New Mexican software allows to locate people in case of natural disasters

Damages are seen after an earthquake hit in Mexico City, Mexico September 19, 2017. REUTERS/Carlos Jasso

According to El Universal locating and rescuing people in disaster areas could be more effective thanks to the “Solity” software developed by Mexican scientist Israel Reyes Gomez.

In its website, the software is described as a platform that “supports disaster, data breach, and general incident response plans as well as business continuity planning.”

Therefore, “Solity” would allow authorities to know the number of people who were in a building before, during and after it collapse, during an earthquake, hurricane or even a terrorist attack.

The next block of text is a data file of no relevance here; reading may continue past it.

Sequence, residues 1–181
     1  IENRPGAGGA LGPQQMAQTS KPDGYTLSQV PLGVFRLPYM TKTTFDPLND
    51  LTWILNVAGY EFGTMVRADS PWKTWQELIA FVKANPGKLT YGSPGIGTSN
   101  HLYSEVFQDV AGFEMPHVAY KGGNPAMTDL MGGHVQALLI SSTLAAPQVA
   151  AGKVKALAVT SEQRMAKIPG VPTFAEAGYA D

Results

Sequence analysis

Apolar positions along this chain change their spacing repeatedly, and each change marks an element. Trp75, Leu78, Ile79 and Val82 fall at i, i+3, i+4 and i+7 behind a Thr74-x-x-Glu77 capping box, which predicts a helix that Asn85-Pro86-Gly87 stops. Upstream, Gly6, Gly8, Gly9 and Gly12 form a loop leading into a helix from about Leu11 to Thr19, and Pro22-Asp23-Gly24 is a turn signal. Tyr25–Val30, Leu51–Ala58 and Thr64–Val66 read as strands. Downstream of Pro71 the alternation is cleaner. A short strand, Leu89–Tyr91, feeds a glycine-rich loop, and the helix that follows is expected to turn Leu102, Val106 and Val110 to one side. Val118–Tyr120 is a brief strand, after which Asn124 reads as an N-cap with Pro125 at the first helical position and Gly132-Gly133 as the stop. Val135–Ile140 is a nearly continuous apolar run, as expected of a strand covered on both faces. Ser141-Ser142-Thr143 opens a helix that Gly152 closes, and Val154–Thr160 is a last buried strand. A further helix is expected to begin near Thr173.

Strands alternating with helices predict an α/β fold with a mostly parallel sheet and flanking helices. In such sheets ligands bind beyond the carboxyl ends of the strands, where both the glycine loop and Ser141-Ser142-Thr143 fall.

Reyes Gomez said that according to the World Economic Forum’s 2017 Risk Report, the world could witness further natural disasters as well as terrorist attacks.

(Image: El Universal)

The Mexican scientist explained that this software works with mobile devices allowing to detect the precise location of a person in a building via Global Positioning System (GPS).

In addition, the software sends a “safe and sound” alert to the authorities so they can carry out contingency and rescue plans in real time.

With this technology, already applied in New Zealand, it could be observed where the population headed by areas, at the exact moment of a tremor or a hurricane.

Scientist Israel Reyes Gomez said that at the moment he is improving “Solity” software with the help of students of the National Polytechnic Institute (IPN), in addition to that, they also hold talks with the Federal Government for its implementation in Mexico.

The Mexican Scientist is nominated for the 2017 National Science Award as a result of the “Solity” development.

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